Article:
Staff are smartly dressed and happy to whisk multiple bags into the trunk, while a complimentary bottle of water and magazine are left in the car. It’s the little treats that make all the difference.
No matter whether your preference is for Japanese, Italian or English tailoring, it is a challenge to look after suits. Dry cleaners all too often ruin them with heavy chemicals and excess heat, creating a dull shine to the cloth. Far better is a good sponge and press every few months.
At Henry Poole, one of the original bespoke tailors on London’s Savile Row and the company credited with the invention of the dinner jacket, customers are encouraged to bring clothing back for a clean and press for the lifetime of a suit. Director Craig Featherstone explains that pieces are constructed to curve around the body and flatter the wearer – a quality lost when stamped flat in the industrial presses used by most dry cleaners. “To maintain the character, a little water and steam is used to clean and reshape by hand, getting things rolling where they should be. You then dry it off with a heavy iron to keep the contour.”
“A suit can be beautifully made but if you don’t have it pressed correctly, it can be ruined,” adds Featherstone. “Similarly, an average suit can be pressed into looking a million dollars. It’s quite a skill.” Indeed, Poole’s presser (pictured) has been doing this job for almost 60 years.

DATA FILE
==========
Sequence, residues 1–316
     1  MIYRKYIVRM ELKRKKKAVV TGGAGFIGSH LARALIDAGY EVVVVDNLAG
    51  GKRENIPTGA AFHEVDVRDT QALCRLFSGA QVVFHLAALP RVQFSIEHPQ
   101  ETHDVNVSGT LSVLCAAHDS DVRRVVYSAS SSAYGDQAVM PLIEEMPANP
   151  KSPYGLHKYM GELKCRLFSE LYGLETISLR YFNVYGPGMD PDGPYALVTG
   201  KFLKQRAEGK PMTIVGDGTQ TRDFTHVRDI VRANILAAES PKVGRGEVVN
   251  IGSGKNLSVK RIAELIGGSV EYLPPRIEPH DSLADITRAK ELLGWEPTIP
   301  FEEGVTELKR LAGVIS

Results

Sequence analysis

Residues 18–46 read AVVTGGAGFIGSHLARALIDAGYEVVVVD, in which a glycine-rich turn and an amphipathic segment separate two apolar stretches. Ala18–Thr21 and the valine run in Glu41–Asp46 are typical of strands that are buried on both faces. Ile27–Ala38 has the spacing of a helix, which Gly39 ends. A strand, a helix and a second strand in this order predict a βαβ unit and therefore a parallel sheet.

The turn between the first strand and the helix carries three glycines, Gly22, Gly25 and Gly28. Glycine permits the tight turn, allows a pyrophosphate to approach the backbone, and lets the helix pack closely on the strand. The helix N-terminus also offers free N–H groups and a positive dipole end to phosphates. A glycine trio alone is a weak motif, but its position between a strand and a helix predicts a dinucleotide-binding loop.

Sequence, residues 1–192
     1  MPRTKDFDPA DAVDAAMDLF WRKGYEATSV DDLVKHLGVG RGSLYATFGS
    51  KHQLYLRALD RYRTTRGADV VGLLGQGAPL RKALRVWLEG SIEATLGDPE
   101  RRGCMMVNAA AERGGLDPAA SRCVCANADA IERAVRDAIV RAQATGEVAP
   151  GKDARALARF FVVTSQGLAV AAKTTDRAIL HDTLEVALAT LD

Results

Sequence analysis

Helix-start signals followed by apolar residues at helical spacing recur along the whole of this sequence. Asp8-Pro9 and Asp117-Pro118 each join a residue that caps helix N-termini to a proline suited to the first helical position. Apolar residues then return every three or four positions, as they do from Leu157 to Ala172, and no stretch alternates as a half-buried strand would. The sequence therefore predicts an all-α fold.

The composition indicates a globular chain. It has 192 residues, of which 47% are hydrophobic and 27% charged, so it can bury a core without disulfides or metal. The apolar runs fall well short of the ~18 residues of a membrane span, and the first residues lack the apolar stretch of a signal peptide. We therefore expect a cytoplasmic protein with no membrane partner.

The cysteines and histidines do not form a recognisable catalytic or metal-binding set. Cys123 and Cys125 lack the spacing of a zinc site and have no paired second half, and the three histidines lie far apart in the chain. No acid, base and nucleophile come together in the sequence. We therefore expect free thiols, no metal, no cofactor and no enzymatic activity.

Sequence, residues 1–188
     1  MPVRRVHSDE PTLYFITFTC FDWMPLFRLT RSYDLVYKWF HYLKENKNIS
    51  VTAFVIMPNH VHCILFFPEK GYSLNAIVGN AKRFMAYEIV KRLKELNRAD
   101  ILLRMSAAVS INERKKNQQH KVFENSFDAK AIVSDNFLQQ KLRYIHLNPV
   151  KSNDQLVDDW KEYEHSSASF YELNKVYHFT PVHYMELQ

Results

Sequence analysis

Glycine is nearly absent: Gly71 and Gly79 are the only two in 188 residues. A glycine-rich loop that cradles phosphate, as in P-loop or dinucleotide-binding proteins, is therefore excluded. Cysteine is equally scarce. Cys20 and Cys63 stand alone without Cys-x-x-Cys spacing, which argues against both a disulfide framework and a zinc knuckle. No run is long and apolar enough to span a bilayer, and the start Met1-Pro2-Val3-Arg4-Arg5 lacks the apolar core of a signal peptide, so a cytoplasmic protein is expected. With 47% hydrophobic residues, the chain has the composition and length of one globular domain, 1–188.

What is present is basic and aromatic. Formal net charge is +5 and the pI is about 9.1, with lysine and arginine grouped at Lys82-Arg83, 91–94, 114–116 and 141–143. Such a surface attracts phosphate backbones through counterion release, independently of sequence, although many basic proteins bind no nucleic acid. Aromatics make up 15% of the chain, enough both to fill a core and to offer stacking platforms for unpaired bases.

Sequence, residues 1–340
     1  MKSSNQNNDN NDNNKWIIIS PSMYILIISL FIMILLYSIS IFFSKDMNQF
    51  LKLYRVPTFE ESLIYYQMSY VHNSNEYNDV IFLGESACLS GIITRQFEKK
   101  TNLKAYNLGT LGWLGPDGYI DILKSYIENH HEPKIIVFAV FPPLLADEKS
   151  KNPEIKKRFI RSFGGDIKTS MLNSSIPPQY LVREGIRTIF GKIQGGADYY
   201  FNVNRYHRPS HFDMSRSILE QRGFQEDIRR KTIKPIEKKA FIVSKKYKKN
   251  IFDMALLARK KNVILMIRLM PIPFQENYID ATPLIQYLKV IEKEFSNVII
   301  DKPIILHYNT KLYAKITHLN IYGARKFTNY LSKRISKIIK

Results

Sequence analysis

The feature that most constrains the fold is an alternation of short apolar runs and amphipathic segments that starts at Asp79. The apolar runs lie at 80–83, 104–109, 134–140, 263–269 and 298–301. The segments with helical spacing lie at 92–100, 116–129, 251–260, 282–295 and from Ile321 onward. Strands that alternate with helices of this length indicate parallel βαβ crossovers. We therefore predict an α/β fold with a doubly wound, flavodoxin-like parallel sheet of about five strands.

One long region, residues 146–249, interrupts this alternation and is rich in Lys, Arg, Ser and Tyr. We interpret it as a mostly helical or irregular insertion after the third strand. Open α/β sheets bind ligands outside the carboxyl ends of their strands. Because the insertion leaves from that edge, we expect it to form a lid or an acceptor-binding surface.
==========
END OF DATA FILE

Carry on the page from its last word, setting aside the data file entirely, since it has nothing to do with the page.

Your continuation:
Henry Poole has customers bringing in pieces that have been handed down through generations to be pressed into shape or for alterations. “There’s no question that the suits are an investment,” says Featherstone. “Offering this service along with building an understanding between cutter and client is how you make sure someone will be with you for life.”
In Japan’s retail sector, free gift-wrapping is the norm. And it’s not a custom taken lightly. At Mitsukoshi and Isetan, two of the biggest names in the country’s department-store business, every new employee is put through a gift-wrapping masterclass: a 90-minute course on basic techniques. “It looks easy but for anyone who has never done this before it can be hard to keep up,” says Rei Mori, who heads staff training at Tokyo-based Mitsukoshi-Isetan Group, which owns the shop chain.